But my ruminations were cut short--and just as well, really--by our arrival at Thomas Point Light, which marks the tip of the long Thomas Point Shoal at the northern boundary of the South River. We had arrived at our starting point and it was time to start paying attention to the task at hand. Besides, Skip and I needed to finish our explorations in time to meet friends for dinner at Mike's Restaurant & Crab House, at the southern end of the Riva Road bridge. Yggdrassil could wait for rum drinks before dinner.

I had decided to go visit the upper section of South River because for some reason the guide books--including, alas, CBM's own Guide to Cruising Chesapeake Bay--stop at the Solomons Island Road (Route 2) bridge, with perhaps a nod to Mike's at the Riva bridge. But why? With vertical clearance of 53 and 50 feet, the river's two fixed bridges present no impediment except to tall rigs, and the South River itself is clearly navigable well beyond that--in fact, to within a few hundred yards of U.S. Route 50/301. The upstream creeks of Gingerville, Broad and Beards get no mention at all.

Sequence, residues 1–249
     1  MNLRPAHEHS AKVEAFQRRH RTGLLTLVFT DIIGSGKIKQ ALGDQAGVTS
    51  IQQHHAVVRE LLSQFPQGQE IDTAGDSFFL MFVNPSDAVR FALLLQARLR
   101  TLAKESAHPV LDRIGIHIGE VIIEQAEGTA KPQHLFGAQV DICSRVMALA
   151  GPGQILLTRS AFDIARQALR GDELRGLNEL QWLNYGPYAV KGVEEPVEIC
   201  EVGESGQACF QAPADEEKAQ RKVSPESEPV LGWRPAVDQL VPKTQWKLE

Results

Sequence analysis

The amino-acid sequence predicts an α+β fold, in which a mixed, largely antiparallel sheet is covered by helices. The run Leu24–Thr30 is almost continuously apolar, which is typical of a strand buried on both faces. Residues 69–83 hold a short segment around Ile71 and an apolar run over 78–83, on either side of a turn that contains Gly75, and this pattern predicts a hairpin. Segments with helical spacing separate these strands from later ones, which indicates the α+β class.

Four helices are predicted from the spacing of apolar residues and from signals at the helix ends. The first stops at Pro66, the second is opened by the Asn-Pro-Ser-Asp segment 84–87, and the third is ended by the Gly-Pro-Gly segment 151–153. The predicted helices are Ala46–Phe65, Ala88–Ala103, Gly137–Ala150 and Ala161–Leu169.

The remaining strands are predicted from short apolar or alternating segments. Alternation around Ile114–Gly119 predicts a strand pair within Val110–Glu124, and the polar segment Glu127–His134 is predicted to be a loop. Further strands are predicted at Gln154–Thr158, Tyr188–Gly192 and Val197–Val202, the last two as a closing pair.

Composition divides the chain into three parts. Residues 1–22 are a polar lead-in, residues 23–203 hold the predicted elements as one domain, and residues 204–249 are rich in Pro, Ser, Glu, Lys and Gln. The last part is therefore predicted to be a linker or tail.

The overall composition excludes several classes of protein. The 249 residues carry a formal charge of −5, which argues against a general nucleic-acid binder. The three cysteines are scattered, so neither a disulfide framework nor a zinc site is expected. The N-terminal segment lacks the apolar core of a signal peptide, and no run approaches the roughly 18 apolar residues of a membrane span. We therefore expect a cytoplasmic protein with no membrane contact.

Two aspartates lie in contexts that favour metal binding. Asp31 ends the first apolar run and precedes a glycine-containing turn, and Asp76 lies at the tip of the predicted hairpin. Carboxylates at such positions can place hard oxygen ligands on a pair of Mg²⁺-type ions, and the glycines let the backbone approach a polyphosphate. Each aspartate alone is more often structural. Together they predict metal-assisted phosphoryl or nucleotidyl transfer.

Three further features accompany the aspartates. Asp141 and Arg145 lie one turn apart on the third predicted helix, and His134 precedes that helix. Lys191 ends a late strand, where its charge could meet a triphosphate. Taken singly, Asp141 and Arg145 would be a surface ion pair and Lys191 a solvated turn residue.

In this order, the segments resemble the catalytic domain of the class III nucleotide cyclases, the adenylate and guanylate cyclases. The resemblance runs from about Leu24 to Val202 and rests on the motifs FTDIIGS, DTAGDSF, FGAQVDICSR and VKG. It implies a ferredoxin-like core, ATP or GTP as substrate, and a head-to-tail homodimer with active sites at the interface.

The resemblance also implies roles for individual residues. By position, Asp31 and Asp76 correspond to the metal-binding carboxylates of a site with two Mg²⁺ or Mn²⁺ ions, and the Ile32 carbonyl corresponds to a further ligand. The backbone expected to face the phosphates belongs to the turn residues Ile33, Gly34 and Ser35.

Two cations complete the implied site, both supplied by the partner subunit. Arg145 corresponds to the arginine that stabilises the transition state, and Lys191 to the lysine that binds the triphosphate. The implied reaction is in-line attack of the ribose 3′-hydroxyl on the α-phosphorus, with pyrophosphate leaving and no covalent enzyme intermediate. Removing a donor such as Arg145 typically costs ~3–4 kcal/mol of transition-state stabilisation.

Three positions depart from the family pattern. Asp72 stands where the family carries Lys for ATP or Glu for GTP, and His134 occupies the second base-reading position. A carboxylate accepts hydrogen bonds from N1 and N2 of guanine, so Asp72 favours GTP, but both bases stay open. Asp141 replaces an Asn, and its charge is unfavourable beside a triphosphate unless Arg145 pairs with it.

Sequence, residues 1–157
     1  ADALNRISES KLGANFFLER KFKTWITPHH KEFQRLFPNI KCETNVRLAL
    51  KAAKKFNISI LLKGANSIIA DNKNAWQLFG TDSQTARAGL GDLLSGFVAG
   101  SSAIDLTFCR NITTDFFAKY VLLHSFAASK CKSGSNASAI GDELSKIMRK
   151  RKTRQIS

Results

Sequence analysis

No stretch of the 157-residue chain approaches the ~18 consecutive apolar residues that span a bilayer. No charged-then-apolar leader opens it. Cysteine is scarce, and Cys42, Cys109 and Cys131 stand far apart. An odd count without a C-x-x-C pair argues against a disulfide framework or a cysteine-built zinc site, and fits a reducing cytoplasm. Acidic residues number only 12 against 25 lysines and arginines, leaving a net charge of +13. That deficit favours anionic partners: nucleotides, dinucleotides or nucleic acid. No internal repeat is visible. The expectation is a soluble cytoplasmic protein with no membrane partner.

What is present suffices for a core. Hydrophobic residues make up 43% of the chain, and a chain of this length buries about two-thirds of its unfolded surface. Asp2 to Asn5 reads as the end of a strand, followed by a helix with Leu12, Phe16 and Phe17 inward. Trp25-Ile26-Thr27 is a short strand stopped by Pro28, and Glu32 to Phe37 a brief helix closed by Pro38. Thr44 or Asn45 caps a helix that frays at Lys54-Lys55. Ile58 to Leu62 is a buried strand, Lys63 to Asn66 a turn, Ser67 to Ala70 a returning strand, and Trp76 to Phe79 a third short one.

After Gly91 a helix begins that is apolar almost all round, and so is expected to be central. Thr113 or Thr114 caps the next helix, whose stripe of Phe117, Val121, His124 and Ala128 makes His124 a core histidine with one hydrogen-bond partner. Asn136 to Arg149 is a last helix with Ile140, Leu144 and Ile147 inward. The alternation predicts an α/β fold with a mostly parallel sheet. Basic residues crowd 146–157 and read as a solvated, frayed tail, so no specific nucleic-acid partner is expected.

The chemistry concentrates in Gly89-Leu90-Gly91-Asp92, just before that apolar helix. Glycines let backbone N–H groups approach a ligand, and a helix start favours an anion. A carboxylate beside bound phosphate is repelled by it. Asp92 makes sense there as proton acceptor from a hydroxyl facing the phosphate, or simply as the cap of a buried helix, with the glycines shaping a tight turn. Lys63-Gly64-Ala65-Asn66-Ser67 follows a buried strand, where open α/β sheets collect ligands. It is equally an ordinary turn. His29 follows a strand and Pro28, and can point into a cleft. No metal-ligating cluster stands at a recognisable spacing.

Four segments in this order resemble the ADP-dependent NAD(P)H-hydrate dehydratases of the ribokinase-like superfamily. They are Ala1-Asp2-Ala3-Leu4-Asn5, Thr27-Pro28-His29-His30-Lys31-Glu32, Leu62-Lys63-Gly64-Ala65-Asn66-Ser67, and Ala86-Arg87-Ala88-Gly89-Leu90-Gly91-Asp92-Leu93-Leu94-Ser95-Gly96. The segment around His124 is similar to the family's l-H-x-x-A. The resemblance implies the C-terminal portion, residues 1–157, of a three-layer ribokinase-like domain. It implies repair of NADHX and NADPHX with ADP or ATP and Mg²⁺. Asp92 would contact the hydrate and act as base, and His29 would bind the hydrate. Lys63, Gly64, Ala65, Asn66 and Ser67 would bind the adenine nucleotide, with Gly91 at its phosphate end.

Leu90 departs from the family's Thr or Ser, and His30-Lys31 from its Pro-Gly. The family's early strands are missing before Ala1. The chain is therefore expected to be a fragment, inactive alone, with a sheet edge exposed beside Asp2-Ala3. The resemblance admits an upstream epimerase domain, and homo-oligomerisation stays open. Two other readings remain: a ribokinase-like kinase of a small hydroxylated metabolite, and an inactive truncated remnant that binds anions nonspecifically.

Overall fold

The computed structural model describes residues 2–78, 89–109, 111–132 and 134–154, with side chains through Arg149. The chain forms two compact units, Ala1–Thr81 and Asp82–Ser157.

Of course, all the guides do have plenty of good things to say about the South River's lower tributaries, below the bridges, often beginning their account with Selby Bay, followed by Harness Creek, Aberdeen Creek and so forth, ending somewhere around Crab and Church creeks, just south of the Route 2 bridge. And they are exceptionally lovely creeks. I have always found the charms of Harness Creek particularly irresistible--and this trip was no exception. As Skip and I passed Selby Bay to port, I steered the Albin toward the South's northern shore, where Quiet Waters Park meets the water in a kind of grand staircase, as if the river were the stage for a Greek amphitheater. Often, boats passing by will find they have an audience of people and dogs, watching the river.